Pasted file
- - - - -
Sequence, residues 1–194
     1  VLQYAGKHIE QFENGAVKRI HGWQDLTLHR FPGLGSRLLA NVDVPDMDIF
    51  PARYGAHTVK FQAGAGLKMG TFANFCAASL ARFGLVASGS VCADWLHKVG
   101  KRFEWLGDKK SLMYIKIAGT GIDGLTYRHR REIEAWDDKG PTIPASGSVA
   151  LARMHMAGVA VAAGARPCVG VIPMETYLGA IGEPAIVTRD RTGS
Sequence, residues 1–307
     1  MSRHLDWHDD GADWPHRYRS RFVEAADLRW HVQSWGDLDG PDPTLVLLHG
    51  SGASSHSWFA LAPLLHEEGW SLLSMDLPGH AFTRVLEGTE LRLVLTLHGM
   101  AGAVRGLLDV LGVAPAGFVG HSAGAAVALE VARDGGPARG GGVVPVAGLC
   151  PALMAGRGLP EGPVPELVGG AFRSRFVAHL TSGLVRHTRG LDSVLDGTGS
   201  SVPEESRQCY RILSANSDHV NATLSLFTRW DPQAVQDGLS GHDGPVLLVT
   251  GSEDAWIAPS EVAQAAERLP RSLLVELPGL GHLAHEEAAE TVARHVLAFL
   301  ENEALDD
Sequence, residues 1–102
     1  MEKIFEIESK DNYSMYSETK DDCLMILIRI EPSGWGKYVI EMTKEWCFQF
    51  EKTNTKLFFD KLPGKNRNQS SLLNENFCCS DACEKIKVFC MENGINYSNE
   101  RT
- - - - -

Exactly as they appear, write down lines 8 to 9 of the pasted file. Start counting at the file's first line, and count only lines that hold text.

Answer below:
    51  SGASSHSWFA LAPLLHEEGW SLLSMDLPGH AFTRVLEGTE LRLVLTLHGM
   101  AGAVRGLLDV LGVAPAGFVG HSAGAAVALE VARDGGPARG GGVVPVAGLC